Processes: Penciling the poster for the UNL Hyde Series

Click to enlarge (no, seriously) AKA: ‘I want to post something to pretend this blog’s still active, but I don’t feel like producing real content today’. A quick glimpse of the process of penciling the poster for last year’s Hyde Lecture Series, at the request of the über-nice Karles: Sarah and David Karle, from the University of Nebraska atContinue reading “Processes: Penciling the poster for the UNL Hyde Series”

Hyde Lecture Series. University of Nebraska – Lincoln, 2017-18

Click to enlarge Many (count me as one of those) seemed to think this blog was dead, but, alas, we were all wrong and here I am, back for my now customary -it seems- biannual update. There have been some other works waiting the line in the last two years, but, since they’re late already,Continue reading “Hyde Lecture Series. University of Nebraska – Lincoln, 2017-18”

ZUS [Zones Urbaines Sensibles]: Inclusive Archipolitics – Illustration for A10 #64

Click to enlarge Summer vacation is unfortunately over, so let’s catch up with published work that hasn’t made it to the blog yet. Today’s post belongs in the series of illustrations I did for the ‘Interchange’ interviews published in A10 magazine over the last 2 years. As you may know, A10 went out of businessContinue reading “ZUS [Zones Urbaines Sensibles]: Inclusive Archipolitics – Illustration for A10 #64”

Competitive spirit – Illustration for A10 #62

Click to enlarge ALA is one of Finland’s success stories, winning a major competition at the age of 30, heading a 40+ employees’ office at 40 and now looking abroad for new opportunities. Besides redoing the Finnish embassy in New Delhi they are also working on the high profile new library in Helsinki. Still, theyContinue reading “Competitive spirit – Illustration for A10 #62”

SO-IL: Reflections from overseas – Illustration for A10 #61

Click to enlarge Yes, unfortunately, this year’s scholarly life and my increasing committments with real publishing (aaahhh… money…) and its dreadful deadlines (ahhh…. my weekends…) has resulted in an almost total neglection of the blog. So, in order to catch up a little, let’s move on with the series of illustrations I’ve been doing for A10Continue reading “SO-IL: Reflections from overseas – Illustration for A10 #61”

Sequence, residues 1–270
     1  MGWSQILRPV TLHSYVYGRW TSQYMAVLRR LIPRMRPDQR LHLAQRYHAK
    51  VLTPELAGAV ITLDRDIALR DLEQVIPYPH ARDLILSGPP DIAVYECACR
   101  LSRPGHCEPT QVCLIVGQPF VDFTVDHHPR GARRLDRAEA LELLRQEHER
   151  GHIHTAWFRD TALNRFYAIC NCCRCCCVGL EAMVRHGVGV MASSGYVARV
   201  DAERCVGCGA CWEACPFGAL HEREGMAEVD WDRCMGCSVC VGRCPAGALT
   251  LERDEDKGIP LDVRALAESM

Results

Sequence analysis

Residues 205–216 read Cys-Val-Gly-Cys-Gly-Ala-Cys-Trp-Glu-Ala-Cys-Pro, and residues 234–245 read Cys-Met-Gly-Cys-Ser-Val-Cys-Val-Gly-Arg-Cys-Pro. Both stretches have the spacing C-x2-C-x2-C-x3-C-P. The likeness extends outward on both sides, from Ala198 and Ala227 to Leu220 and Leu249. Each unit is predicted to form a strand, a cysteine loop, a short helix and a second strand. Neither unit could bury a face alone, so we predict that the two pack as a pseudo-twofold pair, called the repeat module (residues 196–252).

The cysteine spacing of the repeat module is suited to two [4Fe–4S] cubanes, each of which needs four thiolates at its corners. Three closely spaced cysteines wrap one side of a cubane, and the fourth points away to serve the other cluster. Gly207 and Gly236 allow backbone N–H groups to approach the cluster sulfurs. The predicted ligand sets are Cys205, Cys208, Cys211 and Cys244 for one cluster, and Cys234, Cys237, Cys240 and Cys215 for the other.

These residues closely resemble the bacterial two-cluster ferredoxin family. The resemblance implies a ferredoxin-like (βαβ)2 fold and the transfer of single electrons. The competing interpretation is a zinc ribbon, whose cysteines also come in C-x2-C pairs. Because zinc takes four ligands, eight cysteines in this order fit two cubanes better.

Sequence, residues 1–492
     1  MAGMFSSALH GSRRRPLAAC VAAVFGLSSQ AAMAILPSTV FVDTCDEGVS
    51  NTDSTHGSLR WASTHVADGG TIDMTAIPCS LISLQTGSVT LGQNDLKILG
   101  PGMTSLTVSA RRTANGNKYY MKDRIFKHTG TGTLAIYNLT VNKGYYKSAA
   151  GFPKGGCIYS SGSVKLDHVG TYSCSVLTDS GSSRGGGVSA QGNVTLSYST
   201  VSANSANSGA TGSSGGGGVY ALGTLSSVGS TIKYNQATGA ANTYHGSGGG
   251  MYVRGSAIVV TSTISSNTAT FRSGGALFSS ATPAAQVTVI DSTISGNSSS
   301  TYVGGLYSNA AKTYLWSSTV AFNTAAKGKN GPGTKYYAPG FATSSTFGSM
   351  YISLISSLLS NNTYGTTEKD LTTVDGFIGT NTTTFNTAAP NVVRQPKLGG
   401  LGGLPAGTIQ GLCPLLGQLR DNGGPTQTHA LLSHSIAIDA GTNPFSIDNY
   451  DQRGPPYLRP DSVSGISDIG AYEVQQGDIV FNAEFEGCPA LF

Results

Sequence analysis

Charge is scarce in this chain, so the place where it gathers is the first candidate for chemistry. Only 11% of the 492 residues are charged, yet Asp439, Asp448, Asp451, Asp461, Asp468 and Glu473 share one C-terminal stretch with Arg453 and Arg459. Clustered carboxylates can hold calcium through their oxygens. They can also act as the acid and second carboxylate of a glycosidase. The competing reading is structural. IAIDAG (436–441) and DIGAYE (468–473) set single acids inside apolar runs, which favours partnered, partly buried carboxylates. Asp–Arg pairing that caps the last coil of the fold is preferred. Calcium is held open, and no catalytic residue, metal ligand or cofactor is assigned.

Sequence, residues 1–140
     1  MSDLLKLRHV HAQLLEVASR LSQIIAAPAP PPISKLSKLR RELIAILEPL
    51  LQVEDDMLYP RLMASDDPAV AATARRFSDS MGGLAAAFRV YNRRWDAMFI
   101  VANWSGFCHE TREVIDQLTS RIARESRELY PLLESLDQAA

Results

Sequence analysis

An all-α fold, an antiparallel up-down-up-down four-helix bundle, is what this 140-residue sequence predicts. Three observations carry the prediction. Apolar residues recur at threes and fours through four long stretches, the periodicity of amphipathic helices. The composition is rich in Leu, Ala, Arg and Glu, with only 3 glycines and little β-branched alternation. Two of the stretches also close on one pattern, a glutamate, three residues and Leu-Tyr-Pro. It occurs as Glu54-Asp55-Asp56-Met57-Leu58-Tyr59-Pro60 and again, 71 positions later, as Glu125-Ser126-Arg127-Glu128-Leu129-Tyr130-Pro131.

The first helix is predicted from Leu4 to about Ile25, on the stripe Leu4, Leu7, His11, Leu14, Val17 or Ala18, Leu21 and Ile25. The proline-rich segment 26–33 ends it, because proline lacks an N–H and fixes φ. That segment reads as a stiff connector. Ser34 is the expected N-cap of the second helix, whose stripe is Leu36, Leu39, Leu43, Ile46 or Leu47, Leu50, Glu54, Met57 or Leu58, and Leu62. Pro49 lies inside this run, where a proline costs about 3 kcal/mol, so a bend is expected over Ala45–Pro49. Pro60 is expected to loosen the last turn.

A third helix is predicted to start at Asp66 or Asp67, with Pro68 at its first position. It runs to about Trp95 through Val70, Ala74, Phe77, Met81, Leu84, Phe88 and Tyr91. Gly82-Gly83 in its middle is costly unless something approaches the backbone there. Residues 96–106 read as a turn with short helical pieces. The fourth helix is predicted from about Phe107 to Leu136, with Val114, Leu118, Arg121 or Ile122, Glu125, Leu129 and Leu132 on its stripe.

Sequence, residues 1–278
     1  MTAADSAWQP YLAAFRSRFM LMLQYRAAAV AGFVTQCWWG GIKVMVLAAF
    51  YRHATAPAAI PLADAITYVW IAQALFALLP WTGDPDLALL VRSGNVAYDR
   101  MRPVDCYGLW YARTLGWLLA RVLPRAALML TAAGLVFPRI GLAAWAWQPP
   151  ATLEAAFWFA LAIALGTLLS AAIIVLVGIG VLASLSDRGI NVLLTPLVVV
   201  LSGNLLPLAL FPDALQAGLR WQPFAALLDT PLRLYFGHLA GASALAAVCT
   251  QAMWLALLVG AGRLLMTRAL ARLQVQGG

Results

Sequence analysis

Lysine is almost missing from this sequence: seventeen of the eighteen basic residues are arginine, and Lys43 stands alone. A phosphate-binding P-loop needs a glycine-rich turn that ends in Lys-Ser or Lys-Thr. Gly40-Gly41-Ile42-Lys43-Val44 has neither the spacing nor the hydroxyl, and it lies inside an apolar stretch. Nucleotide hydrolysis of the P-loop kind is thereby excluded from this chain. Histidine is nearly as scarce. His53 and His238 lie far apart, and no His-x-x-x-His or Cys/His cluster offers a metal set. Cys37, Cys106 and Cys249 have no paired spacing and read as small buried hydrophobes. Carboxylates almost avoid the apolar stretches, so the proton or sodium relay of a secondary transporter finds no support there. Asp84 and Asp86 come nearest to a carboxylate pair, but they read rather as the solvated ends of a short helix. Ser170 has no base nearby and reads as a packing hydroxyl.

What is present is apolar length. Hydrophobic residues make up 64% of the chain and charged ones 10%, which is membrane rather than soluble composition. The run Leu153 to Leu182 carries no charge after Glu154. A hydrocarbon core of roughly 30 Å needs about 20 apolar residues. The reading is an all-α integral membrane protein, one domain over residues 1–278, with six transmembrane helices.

WWAA: Freedom of Flexibility – Illustration for A10 #59

Click to enlarge […] The Polish pavilion in Shanghai is probably the most famous and also most evocative project of WWAA. How would you describe it? How does it relate to your other work? I came through several different phases with this project; first is was like with your first newborn, a strange feeling ofContinue reading “WWAA: Freedom of Flexibility – Illustration for A10 #59”

Piano Player Number Two: Illustration for A10 Magazine

Click to enlarge Something a little bit different this time. A couple months ago, Indira van ‘t Klooster, editor-in-chief of A10 magazine contacted me asking if I would be interested in making some cartoons for a series of interviews with different architects they were featuring this year. Yes, A10 is that magazine founded a decade ago by ArjanContinue reading “Piano Player Number Two: Illustration for A10 Magazine”

Merry Christmas (Manic Corbusian Snowmen Celebrate Christmas)

Hm… Not feeling particularly inspired to draw something new this year, so I decided to recycle -yet one more time- an old drawing, where I had these characters that show up every now and then in the  cartoons (I guess I´ll have to explain where they come from at some point) into Calvin and Hobbes. Somehow. ThisContinue reading “Merry Christmas (Manic Corbusian Snowmen Celebrate Christmas)”

Are Charrettes old School? Illustration for Harvard Design Magazine

Click to Enlarge An illustration for Dan Willis‘s article Are Charrette’s Old School?, published in Harvard Design Magazine 33: Design Pracices Vol. 2. Below, the published version. You can download a .pdf of the whole article here.

Le Grand Tour (On Being Glocal)

Click or go here Universalism used to be a rather simple affair: the more detached from local traditions, the more universal you became. If the stoics could be called ‘citizens of the world’, it’s because they accepted being part of the ‘human race’, above and beyond the narrow labels of ‘Greek’ and ‘barbarian’. A regularContinue reading “Le Grand Tour (On Being Glocal)”